Congratulations to Xara on 25 years of business. Xara is one of those quintessentially British companies that finds a niche and sticks with it -– not always entirely voluntarily -– but any IT outfit that manages a quarter century in this country deserves a round of applause.
You may know Xara better than you think. It started off as Computer Concepts, a two-man outfit flogging software for the Acorn Atom –- the forerunner of the Acorn Proton, better known now as the BBC Micro. CC wrote a word processor for the Beeb called Wordwise that quickly became an industry standard; the company continued to produce Acorn software into the now-mythical age of the Archimedes. This led to graphics software, which led to Windows software, which most recently led to open source -– go and have a look.
I nearly ended up working on a project for them, back in the heady days before the Acorn Risc Machine had become the embedded ARM and the Archimedes was still a thing of wonder rather than an evolutionary dead end. It was the late '80s. Computer Concepts had looked at the Amstrad PCW8256 word processor and wondered to itself whether there was a market for something like that but capable of doing proper graphics. They called in Alfa Systems, the small yet sparkly design company for which I worked, and we all trooped over to the Computer Concepts sumptuous Dockland workspace to sharpen our pencils and read our way through the datasheets. The Acorn Risc Machine was really very clever indeed, we discovered, and Acorn had done all the right things in producing a set of support chips that helped make a complete computer at minimal cost. There was enough processor umph in the system to easily cope with the task in hand, and between CC and us there was enough software smarts to make that part of the project tractable too.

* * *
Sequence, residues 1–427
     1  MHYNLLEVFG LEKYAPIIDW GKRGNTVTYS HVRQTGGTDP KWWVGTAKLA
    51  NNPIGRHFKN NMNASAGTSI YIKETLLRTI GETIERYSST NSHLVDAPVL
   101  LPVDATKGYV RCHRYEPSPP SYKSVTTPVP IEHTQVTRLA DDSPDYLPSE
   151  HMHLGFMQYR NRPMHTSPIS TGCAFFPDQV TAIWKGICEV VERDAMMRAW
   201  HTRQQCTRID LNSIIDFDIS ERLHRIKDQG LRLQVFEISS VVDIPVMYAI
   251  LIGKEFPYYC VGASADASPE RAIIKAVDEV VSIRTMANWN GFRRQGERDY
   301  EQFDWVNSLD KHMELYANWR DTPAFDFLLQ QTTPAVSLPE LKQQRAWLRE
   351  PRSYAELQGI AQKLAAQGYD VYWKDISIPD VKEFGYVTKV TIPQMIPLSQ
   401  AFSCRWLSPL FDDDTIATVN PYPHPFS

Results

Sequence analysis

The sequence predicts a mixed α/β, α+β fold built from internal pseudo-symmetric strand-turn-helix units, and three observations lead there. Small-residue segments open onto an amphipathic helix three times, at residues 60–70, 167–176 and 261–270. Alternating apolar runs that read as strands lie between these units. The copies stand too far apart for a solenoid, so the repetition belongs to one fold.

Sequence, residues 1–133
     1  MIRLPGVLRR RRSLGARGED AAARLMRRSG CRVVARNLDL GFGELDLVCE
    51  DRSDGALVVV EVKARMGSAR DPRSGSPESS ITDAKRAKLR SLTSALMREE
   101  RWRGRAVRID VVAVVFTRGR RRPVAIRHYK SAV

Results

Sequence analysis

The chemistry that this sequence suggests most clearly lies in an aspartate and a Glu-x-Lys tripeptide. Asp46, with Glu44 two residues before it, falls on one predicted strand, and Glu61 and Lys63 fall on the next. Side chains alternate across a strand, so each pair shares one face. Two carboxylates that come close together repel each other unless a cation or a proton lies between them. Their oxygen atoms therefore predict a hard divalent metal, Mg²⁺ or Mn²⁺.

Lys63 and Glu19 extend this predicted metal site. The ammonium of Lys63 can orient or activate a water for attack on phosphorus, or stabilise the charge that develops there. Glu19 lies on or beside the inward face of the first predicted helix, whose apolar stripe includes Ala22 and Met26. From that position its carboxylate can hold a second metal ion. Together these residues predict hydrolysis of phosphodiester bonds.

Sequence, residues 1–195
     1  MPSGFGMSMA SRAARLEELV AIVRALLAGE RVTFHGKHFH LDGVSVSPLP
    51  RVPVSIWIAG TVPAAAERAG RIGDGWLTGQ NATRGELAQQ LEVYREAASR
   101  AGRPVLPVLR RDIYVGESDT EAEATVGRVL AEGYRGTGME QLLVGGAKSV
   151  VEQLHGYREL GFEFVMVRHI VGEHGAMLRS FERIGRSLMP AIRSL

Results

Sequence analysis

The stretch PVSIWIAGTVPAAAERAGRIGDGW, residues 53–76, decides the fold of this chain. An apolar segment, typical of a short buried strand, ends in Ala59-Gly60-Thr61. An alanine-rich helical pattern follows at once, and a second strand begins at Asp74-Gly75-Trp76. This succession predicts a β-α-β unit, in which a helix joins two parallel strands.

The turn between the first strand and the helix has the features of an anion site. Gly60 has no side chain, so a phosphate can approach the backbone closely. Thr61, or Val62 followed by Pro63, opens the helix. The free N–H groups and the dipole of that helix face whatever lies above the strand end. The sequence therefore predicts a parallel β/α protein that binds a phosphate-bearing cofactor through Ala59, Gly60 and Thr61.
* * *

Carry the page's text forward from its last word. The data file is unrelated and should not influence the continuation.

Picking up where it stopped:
Technically, it could be done. Aesthetically, it was tempting –- we could see how to make something that was elegant, inexpensive yet more powerful than the dearer alternatives. Financially, though... well, we tried our best, but none of the figures quite made sense. Yes, it would be cheaper – a bit. Yes, it would be better -– quite a lot. But none of that promised to make a market appear out of nowhere the way the Amstrad PCW 8256 had managed. It was almost as if the dedicated appliance market had been and gone, and PCs were entering the 'just about good enough' zone for just about everything.
In retrospect, we were dead right. With the exception of Apple, all of the other late 80s platforms morphed into niche machines (Amiga in video, Atari ST in music) and then vanished – and Apple stared into the abyss more than once. But I remember how badly we wanted to build something that nice, and how much we wished it would work – and how proud I'd be now if we'd tried and got something as swish as we were imagining to market.
But then, I wouldn't be writing a congratulatory note about Xara-cum-Computer-Concepts surviving so long. Saying no is a much underrated survival skill, as is not spending money. They're almost as important as their opposites.